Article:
2023 1st Quarter Legislative Update

2023 OMBA 1st Quarter Legislative Update

Spring is nearly here, and the legislature has now been in session for two months. Policy committees are running at full speed and with the reduced building capacity due to construction on the building, all committees are running on a much tighter schedule as all of the normal committee rooms aren’t able to be used. As 1st chamber policy deadlines near, legislative leadership and individual members are working furiously on their bill priorities. All bills must be scheduled for a work session in their chamber of origin by March 17th and must be moved out of committee by Tuesday, April 4th. The next policy bill deadline will be on May 19th, where bills must be moved out of 2nd chamber committees. An example of this would be a House Bill which moved from committee and passed the House, must be moved out of a policy committee in the Senate.

Among the biggest priorities of the legislature this year is to address housing and homelessness. There remains a wide range of opinions on how to best tackle a very difficult issue, but most can agree the matter is something the state needs to address. A piece of the overall Housing Package is contained in HB 5019 and in HB 2001. On March 10th, the Joint Ways and Means Committee voted both HB 2001 and HB 5019 out of committee and will likely be considered on the House floor likely during the week of March 13th. HB 2001 establishes the Oregon Housing Needs Analysis and associated production targets and reporting requirements. HB 5019 includes providing statewide assistance to rehouse people, expand shelter capacity, direct money to emergency management response and also to develop a proposal for long-term rent assistance programs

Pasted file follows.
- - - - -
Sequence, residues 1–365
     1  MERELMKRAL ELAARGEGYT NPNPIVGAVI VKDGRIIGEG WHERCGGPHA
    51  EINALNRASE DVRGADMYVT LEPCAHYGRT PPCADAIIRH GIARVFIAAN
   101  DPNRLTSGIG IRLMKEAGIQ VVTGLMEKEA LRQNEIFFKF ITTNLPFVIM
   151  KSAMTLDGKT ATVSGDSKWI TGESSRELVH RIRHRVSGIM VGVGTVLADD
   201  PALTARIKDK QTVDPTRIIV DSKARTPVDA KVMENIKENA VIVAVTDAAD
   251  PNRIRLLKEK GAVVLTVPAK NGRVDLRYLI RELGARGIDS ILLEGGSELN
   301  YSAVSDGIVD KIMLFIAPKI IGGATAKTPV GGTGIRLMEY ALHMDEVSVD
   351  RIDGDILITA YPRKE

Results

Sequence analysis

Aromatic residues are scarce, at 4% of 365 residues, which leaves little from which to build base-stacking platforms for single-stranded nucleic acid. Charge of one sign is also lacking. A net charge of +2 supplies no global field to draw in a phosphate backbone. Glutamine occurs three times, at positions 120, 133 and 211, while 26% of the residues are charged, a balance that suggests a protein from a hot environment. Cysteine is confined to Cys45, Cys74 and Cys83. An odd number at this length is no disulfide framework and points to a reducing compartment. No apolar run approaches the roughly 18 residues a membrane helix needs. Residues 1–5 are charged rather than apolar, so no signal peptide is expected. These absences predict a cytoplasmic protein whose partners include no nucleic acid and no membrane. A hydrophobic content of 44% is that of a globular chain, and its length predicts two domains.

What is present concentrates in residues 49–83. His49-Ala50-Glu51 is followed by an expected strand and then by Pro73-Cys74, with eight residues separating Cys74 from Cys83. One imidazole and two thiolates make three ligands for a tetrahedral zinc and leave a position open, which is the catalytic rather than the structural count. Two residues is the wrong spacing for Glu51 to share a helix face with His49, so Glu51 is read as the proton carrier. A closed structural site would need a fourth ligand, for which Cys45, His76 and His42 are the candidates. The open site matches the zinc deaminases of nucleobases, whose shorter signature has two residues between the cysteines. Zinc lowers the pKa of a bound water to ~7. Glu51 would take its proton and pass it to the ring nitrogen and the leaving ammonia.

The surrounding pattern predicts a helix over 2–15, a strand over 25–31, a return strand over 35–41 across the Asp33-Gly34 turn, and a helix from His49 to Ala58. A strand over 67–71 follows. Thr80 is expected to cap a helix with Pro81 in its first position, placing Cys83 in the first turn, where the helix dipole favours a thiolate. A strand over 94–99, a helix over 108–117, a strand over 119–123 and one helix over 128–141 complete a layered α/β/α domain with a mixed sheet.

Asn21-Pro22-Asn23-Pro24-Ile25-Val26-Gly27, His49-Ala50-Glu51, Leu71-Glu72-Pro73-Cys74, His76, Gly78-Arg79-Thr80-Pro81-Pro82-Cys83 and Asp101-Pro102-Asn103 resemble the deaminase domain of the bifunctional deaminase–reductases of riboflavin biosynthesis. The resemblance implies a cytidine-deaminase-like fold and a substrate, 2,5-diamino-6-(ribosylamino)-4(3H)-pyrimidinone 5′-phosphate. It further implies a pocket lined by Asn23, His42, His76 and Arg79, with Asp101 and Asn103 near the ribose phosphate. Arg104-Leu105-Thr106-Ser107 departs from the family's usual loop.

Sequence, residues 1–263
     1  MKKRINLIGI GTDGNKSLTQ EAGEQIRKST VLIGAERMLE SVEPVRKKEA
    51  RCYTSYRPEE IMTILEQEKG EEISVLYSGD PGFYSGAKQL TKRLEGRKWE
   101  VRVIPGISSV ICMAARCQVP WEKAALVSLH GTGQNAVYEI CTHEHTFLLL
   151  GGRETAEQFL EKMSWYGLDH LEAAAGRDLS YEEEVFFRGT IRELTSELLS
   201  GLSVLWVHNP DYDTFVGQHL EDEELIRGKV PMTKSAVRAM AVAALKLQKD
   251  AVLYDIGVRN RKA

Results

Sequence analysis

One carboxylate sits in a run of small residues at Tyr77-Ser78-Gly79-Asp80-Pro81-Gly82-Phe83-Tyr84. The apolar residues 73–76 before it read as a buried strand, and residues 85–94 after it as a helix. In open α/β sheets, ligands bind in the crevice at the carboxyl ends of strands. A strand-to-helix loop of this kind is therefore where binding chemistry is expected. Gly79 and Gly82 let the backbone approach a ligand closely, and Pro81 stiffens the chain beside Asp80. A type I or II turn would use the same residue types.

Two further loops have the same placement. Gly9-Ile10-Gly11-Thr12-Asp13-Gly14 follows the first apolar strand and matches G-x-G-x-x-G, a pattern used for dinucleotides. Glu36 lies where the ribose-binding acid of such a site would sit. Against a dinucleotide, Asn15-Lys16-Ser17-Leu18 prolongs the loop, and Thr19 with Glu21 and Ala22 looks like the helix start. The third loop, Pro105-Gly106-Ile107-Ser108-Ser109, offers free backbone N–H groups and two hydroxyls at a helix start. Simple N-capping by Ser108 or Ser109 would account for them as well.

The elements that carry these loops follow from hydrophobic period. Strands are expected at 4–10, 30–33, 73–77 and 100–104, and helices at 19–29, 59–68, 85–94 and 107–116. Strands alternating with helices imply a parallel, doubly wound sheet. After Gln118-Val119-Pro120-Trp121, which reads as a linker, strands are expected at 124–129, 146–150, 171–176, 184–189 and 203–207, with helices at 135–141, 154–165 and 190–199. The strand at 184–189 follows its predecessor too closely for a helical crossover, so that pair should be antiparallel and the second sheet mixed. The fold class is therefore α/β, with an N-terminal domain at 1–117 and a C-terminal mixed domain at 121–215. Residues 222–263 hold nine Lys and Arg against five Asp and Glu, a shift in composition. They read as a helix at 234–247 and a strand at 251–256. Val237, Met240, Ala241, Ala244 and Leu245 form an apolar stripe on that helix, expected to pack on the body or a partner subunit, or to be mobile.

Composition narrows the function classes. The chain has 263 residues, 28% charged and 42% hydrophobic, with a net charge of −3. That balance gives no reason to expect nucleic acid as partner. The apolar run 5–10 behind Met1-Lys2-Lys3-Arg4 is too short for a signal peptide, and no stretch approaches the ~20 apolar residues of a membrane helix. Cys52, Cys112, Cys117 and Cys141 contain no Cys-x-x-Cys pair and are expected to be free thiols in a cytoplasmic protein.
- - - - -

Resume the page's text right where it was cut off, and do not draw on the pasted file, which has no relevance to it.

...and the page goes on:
Together the two bills will fund:

  • $130 million for the Governors Emergency Declaration
  • $27 million to address homelessness in 25 rural counties that aren’t included in the Governors Order. 
  • $25 million earmarked for homeless youth, to help young people and their families with rent assistance, shelter and mental health or substance abuse treatment. 
  • $20 million to encourage production of modular homes.
  • $5 million in grants for farmers to improve health and safety conditions at farm worker camps.
  • $3 million in revolving loans builders can use to pay for predevelopment costs, such as permits and local infrastructure fees, for homes that will be affordable to people earning between 80% and 120% of the median income in their area. 

Separate from the Housing Package, as in sessions past, there are bills around creating a state bank, as well as ones which seek to eliminate or make changes to the mortgage interest deduction. Another bill of note is HB 2008. This bill as drafted seeks to make some sweeping changes to how debt is collected as well as seeks to modify exemptions individuals are entitled to in the event they own a debt. One particular item of note in this legislation is a section which would make changes to the homestead exemption. Currently the homestead exemption for a couple is at $50,000 and this bill would take it to the median home price of a region – in Portland that is about $475,000. There are ongoing negotiations between proponents of the bill and industry of which we are part of and we expect should the bill pass it will a lesser about than the bill as introduced.


Markee & Associates, Inc

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